More teens test positive for drugs, alcohol at sick care visits

The high rates have experts calling for substance abuse screening to be performed whenever possible.

By Victoria Stagg Elliott — Posted Nov. 26, 2007

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Physicians may need to screen 12- to 18-year-olds for possible drug and alcohol abuse issues any time they present for care and not just at checkups, as recommended by many medical societies, including the American Medical Association. This concept was the take-home message of a study in the November Archives of Pediatrics & Adolescent Medicine.

Still, many physicians agree that although the reasons supporting such screening are clear, implementing it is easier said than done.

The study found that nearly 15% of teenagers coming to a primary care practice would test positive when assessed with the CRAFFT, a tool designed to detect drug and alcohol use in this age group, but these rates varied widely depending on the purpose of the visit. Notably, about 23% of those presenting for sick care screened positive, while only 11% did so in the context of a well-child visit.

"Screening should occur when ever there's an opportunity, not just at the well-child visits," said John Knight, MD, lead author and director of the Center for Adolescent Substance Abuse Research at Children's Hospital Boston. "The earlier we can recognize the problem, the more successful treatment is likely to be."

The type of clinic also made a difference. Nearly 30% of those seeking care at school-based health clinics screened positive along with approximately 24% receiving care in a rural setting. Only 8% in the pediatric setting were positive as were slightly more than 14% of those getting medical services from a health maintenance organization.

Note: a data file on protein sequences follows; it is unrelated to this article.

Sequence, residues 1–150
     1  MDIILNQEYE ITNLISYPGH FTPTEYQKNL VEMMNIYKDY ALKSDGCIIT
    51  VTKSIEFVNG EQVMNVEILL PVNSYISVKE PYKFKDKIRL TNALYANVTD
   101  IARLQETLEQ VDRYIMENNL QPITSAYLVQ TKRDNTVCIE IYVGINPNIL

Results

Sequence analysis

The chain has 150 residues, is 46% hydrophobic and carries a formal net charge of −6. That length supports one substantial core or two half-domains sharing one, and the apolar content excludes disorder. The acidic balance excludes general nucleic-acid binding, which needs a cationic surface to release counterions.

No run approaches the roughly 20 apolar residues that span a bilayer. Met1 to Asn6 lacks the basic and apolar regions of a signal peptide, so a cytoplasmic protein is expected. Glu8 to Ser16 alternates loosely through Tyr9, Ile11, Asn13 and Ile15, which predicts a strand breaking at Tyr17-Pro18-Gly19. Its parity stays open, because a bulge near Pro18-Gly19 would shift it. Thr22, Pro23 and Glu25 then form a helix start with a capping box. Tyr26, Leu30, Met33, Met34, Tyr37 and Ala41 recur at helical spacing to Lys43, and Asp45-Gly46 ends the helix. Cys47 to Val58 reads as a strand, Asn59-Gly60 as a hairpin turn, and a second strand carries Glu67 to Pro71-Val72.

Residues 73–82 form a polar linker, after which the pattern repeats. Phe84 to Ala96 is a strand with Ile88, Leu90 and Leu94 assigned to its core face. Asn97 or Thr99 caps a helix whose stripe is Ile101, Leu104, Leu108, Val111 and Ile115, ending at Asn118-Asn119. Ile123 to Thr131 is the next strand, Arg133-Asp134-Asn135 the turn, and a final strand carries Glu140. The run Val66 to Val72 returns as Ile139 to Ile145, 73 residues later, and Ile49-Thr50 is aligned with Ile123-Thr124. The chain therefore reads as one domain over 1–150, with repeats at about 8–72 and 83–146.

"There are quite a few kids who have significant problems with substance abuse. If we don't ask about it, we're not going to find out," said Tom Martinko, MD, medical director of N.C.-based Wilmington Health Access for Teens.

Experts suspect that so many tested positive during the sick visit because many adolescents don't receive regular checkups. Those who abuse drugs and alcohol are even less likely to. And young people who are using or abusing substances also are more likely to present for sick care, particularly with complaints that may be connected to drugs and alcohol.

"A lot of adolescents don't come in for well care. We've got to do this at sick visits," said Martha J. Wunsch, MD, a member of the American Academy of Pediatrics Committee on Substance Abuse and associate professor and chair of addiction medicine at the Virginia College of Osteopathic Medicine in Blacksburg.

School-based health centers, because they often offer family planning, also may care for those more at risk. The higher rates at rural clinics may be explained by the many studies that have documented that alcohol and drug abuse can be bigger problems in these locations.

But while many physicians think more frequent screening for adolescent substance abuse is a good idea, several studies have found it challenging to incorporate in well-child care. Making it a part of sick or urgent care is expected to be even more difficult.

"I agree with the study's findings, but the problem, of course, is that if you were to put into effect all the recommended screenings for every visit for everybody in primary care, you would never get out of the office," said Robert Mallin, MD, associate professor in the Dept. of Family Medicine at the Medical University of South Carolina in Charleston.

Follow-up also can be problematic. A positive screen is not a diagnosis but does indicate the need for additional questioning to determine the extent of the problem if there is one. Brief counseling from a physician may be all that is needed to address this issue in some patients, but others may need much more. More intensive services for this age group may not be that accessible.

"Physicians feel they don't have enough time. They may not be sure where to make the referrals for treatment, and they may not be comfortable when the screening is positive," Dr. Knight said. "But substance use in adolescence can be associated with fatalities. You may be able to say or do something in just a couple minutes that could save a life."

Researchers used predictive modeling and determined that in a primary care setting, just more than 11% of teens will actually turn out to have problems in this area. Another 7% will be abusing these substances, and 3.2% can be diagnosed as dependent.

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External links

"Prevalence of Positive Substance Abuse Screen Results Among Adolescent Primary Care Patients," abstract, Archives of Pediatrics & Adolescent Medicine, November (link)

American Medical Association on adolescent health (link)

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